Where It All Goes Down
The poem begins with a single, solitary cloud floating slowly over the English countryside. You don’t often see one cloud off by itself, but that seems to be the case here. The cloud is like a lost child wandering in through a shopping mall: "Would the mother of the lonely cloud please come claim her child!" The cloud floats over a part of the countryside with hills and valleys, so this is not flat farmland. If we were going to bring in Wordsworth’s biography into the mix, we’d say that this is the famous Lake District where the poet lived much of his life. But we’re not going to do that, so we’ll just call it some kind of region (a district, perhaps?) with lakes. You should feel free to come up with your own setting for the poem. Where do you picture the speaker catching this vision of never-ending daffodils?
The main body of the poem is dedicated to the image of the daffodils. They are stretched in a line around the bay of a lake, bordered by the water on one side and trees on the other. The day is windy enough to create waves on the lake, and to make the flowers bob up and down in concert.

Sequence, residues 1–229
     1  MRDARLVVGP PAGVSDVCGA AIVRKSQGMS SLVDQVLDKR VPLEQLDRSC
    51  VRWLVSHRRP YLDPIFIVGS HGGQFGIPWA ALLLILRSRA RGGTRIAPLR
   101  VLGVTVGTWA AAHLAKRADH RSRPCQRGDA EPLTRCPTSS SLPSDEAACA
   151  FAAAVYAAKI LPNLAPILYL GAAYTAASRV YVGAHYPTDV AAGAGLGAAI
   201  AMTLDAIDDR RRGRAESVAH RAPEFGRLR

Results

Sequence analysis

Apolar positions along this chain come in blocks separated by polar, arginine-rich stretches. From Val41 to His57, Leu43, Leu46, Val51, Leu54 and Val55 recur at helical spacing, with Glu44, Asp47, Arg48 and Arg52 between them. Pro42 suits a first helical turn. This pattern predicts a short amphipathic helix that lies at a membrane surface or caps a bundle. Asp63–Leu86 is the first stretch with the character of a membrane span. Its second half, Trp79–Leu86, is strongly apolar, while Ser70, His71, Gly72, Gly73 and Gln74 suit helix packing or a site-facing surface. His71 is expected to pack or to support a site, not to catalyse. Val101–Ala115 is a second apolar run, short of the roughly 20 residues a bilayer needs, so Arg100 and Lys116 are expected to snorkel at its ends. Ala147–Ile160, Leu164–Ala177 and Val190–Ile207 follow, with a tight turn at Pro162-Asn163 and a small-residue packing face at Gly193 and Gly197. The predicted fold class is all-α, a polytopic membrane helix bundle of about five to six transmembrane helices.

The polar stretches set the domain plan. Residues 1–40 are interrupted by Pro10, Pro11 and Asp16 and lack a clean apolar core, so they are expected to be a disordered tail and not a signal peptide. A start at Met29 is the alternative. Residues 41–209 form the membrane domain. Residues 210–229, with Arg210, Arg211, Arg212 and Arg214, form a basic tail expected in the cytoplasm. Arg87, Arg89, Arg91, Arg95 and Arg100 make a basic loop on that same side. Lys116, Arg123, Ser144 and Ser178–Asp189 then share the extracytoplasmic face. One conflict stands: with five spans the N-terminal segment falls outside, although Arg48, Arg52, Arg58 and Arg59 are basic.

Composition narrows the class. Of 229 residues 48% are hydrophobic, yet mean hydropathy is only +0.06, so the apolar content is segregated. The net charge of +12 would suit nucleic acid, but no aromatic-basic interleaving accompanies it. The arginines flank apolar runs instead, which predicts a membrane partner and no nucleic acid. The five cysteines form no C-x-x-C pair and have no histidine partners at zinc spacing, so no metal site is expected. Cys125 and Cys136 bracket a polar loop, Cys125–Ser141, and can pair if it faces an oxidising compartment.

At the end of the poem, the setting shifts indoors, to the speaker’s couch, where he sits bored and staring off into space. We’re made to understand that this happens quite frequently. Then we go inside the speaker’s head and see the same image of the dancing daffodils in his spiritual vision, followed the image of his dancing heart.